Twelfth Night

The play Twelfth Night was written by William Shakespeare (1564-1616). It is one of his most celebrated comedies, along with Much Ado About Nothing, The Taming of the Shrew, As You Like It and A Midsummer's Night Dream.

Twelfth Night, which is still being successfully performed in theaters around the world, shares certain characteristics with all other Shakespearean comedies. These include a happy ending, several sub-plots, young lovers facing different obstacles, a clever servant, puns, deception, a pastoral setting and separation followed by reunification. It is believed that Twelfth Night was completed in 1601 or 1602.

The full title of the play is Twelfth Night, or What You Will. Most critics consider it a reference to Epiphany, the 12th night of Christmas, which happens on 6 January. In the Middle Ages, Epiphany was an important holiday, marking the end of the Christmas season. It celebrates the arrival of the Magi and the three miracles that manifested the divinity of Christ. Ordinary people often used this holiday to disguise as somebody else, so men dressed like women and servants dressed like their masters. Disguise is aptly a central theme in the play.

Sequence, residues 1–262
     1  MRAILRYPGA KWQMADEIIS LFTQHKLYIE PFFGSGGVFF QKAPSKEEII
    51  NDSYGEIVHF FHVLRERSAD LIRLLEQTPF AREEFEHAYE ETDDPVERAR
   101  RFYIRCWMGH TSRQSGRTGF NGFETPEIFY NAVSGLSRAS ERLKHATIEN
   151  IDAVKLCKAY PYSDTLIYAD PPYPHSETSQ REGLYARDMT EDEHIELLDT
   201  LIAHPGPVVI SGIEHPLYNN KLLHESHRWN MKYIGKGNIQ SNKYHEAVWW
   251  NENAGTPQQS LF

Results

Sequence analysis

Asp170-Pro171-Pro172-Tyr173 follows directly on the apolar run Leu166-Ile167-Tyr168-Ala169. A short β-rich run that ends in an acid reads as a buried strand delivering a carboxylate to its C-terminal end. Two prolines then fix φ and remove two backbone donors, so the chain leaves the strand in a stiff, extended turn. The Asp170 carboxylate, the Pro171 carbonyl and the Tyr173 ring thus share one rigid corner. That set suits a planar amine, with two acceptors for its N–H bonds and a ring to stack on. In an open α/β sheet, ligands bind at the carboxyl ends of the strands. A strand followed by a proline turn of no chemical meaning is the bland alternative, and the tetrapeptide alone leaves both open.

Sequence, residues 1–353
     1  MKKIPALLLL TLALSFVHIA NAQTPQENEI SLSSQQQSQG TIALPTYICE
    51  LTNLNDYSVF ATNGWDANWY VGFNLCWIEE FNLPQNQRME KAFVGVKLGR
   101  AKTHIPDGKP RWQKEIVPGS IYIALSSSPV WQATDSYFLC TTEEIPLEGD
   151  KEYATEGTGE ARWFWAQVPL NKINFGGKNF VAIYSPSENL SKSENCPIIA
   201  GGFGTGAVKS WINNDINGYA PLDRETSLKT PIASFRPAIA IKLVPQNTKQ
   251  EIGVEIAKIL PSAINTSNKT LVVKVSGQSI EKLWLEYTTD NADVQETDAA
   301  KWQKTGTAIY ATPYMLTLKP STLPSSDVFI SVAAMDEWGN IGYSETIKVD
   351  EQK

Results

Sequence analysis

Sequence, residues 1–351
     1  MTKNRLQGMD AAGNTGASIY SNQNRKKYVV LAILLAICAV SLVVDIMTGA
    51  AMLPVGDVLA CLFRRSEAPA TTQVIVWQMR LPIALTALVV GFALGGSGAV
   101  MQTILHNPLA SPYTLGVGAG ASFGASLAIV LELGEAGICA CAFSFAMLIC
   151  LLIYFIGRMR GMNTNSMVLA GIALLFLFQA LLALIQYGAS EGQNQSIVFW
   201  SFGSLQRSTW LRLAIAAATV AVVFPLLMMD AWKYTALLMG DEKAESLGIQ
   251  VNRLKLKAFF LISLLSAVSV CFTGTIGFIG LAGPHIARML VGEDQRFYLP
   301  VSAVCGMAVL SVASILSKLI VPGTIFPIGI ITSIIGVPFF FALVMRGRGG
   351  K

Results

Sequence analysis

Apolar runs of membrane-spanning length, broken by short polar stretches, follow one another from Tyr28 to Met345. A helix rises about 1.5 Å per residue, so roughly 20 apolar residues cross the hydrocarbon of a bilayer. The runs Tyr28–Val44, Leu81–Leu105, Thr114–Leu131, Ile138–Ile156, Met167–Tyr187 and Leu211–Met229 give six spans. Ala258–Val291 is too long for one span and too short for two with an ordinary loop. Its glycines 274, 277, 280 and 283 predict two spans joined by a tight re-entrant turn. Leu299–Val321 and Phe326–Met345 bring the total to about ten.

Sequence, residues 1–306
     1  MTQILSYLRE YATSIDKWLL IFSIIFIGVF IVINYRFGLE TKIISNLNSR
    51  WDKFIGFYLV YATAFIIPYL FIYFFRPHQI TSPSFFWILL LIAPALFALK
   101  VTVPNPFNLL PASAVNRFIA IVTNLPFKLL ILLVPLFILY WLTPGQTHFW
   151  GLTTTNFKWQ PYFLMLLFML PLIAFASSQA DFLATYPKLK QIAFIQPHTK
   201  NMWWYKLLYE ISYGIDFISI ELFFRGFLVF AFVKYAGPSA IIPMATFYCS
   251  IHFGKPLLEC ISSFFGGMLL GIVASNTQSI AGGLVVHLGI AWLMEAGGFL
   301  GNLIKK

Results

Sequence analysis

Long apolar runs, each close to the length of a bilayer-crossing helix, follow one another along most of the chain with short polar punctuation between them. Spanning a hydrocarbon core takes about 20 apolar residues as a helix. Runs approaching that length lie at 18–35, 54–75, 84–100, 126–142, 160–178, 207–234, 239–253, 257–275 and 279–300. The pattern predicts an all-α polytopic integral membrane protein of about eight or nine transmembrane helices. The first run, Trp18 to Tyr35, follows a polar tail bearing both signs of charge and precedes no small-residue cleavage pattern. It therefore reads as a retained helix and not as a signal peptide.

The exact date of Twelfth Night's premier has not been agreed upon. According to Elizabethan literature scholar Leslie Hotson, the play was first presented as a gala entertainment on 6 January, 1601. However, solid proof could not be provided, as neither he, nor other scholars have succeeded in identifying the play performed on the occasion mentioned.

Another date suggested as a possible premier of Twelfth Night is 2 February 1602. John Manningham, a student at the Middle Temple law school, wrote in his diary: "at our feast wee had a play called Twelve Night or What You Will… a good practice in it to make the Steward beleeve his Lady widdowe was in Love with him by counterfeyting a letter as from his Lady in generall tearmes…" It is certain that this entry in the diary refers to the play in question but there is no other evidence that it was performed for the first time that night.